Gareth Bale's first touch back for Tottenham was to steal ball from Son – that shows how much they are in awe of him

THERE were just under 72 minutes on the clock when Gareth Bale came off the bench to replace Steven Bergwijn.

The Welshman jogged straight over to where Son Heung-min was waiting to take a Tottenham free-kick about 35 yards from the West Ham goal.

Bale, without the slightest regard for the South Korean, picked up the ball, replaced it and took a few steps back.

Was this to be his dream first touch since rejoining Spurs on a season-long loan from Real Madrid?

Err… not quite, as his left-footed shot bounced straight into the arms of Hammers keeper Lukasz Fabianski.

Bale may not have scored but his first touch showed how much his new team-mates are in awe of him.

Could you imagine any other new signing, particularly a loan one, coming straight onto the pitch and being allowed to take a free-kick in such a dangerous position?

New boys usually have to wait their turn and earn their stripes before assuming that duty.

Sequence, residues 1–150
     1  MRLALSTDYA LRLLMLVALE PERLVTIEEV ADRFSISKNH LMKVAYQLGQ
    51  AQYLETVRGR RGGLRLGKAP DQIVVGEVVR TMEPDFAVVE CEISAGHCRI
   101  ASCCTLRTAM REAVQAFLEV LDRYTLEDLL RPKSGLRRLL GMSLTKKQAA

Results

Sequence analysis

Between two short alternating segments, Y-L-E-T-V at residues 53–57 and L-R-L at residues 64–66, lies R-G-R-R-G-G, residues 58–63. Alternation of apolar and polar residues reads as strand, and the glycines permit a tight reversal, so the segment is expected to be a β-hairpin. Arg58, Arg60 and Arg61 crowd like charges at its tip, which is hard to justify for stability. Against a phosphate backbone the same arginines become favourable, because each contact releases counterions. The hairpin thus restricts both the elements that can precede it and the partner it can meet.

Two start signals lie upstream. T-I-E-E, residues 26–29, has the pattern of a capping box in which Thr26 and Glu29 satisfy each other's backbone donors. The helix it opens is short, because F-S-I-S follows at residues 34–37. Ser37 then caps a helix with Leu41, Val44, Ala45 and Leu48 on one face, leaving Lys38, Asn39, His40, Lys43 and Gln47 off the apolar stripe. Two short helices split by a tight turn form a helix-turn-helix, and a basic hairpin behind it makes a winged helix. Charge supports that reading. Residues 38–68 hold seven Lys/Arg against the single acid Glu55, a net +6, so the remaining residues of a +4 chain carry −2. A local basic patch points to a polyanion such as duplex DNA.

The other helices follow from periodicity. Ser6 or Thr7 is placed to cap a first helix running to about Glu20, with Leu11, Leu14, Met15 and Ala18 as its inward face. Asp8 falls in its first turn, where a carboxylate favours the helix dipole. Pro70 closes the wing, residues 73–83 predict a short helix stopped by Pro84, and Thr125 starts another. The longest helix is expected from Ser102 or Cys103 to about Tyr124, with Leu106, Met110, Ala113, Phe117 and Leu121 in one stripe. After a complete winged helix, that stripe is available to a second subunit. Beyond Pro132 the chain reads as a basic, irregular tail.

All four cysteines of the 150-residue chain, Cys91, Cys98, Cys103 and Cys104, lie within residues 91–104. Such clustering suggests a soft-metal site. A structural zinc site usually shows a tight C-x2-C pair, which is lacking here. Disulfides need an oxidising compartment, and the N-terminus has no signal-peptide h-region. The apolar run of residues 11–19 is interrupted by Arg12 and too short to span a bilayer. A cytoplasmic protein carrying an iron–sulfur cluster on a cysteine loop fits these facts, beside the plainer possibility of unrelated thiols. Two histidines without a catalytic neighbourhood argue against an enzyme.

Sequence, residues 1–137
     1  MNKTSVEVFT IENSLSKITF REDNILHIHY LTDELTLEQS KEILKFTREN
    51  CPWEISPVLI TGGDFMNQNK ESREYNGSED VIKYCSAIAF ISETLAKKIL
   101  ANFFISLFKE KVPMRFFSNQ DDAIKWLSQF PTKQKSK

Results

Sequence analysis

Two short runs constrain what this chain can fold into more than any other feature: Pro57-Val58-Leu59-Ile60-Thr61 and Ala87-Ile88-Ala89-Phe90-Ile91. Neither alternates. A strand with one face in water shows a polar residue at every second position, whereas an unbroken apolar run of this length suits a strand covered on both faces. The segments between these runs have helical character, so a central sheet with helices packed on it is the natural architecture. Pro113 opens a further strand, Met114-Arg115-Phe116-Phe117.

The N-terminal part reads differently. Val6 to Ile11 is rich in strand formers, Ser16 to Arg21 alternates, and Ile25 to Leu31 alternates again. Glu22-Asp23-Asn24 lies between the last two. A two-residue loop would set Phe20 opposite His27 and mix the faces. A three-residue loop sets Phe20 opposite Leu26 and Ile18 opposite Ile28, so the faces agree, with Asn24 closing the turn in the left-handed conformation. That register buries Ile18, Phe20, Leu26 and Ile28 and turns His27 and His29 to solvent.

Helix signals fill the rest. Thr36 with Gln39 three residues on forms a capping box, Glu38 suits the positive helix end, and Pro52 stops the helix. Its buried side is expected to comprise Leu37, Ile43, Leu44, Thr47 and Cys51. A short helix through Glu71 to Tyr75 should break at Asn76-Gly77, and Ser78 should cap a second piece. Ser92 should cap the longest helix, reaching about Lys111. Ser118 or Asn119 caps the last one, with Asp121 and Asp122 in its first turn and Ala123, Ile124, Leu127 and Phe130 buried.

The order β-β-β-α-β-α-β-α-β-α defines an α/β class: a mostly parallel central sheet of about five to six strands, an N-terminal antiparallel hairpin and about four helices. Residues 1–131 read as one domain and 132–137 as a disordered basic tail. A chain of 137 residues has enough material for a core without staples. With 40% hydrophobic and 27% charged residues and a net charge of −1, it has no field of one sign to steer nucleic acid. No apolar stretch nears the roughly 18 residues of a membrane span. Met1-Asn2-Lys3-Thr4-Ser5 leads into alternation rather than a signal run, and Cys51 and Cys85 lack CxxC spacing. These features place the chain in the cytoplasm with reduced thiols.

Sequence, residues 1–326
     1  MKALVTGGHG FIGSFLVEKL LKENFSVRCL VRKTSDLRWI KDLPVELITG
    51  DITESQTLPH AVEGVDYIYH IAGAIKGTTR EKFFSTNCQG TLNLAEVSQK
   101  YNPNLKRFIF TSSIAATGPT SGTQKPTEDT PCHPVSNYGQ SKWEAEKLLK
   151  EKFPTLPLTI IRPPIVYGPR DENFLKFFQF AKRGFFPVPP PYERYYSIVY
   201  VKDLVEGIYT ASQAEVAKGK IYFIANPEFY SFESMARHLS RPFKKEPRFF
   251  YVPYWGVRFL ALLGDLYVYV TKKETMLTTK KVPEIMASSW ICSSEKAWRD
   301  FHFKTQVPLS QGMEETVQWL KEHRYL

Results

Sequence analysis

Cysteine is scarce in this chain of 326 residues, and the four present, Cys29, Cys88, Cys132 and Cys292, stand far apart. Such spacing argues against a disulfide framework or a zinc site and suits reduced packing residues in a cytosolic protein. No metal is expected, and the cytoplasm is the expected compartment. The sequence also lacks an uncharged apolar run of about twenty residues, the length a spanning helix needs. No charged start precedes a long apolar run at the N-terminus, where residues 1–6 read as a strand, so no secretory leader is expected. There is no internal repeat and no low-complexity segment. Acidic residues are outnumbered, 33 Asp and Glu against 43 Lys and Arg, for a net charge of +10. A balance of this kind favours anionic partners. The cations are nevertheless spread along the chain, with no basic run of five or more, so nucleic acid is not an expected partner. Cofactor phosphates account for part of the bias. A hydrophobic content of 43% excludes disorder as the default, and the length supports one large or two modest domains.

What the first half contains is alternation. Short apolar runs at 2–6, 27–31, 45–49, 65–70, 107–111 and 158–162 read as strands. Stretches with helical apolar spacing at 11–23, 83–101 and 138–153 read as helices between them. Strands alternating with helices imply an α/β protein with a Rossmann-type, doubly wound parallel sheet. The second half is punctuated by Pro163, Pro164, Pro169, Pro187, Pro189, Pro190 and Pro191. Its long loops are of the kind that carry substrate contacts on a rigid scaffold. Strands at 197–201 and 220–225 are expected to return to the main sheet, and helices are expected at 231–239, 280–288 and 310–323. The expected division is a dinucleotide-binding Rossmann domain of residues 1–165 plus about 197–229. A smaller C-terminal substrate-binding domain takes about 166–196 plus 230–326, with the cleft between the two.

But Bale’s name and reputation clearly goes before him in N17.

It showed the Wales man he is already loved and respected more than he was at Real Madrid – where he spent the last couple of years on the sidelines due to problems with his fitness and manager Zinedine Zidane.

Sadly for Bale his introduction yesterday did not have the desired effect as Spurs, 3-0 up from the 16th minute conceded two quick goals to ensure a nervy finale.

This was not down to him – but Tottenham’s new No9 will be disappointed he did not take a golden chance to kill the game off after being played in down the right by Kane in the second minute of stoppage time.

Bale did everything correctly as he danced around Angelo Ogbonna and Andriy Yarmolenko, but from ten yards out and with only Fabianski to beat he shot wide – despite having plenty of the goal to aim at.

And how he was made to pay as Spurs failed to clear their lines from Aaron Cresswell’s free kick, Manuel Lanzini fired in from 25 yards with virtually the last kick of the game to seal the Hammers’ sensational comeback.

In 2006 Tottenham were upset at West Ham by a lasagne.

This time it was a Lanzini.

Source: Read Full Article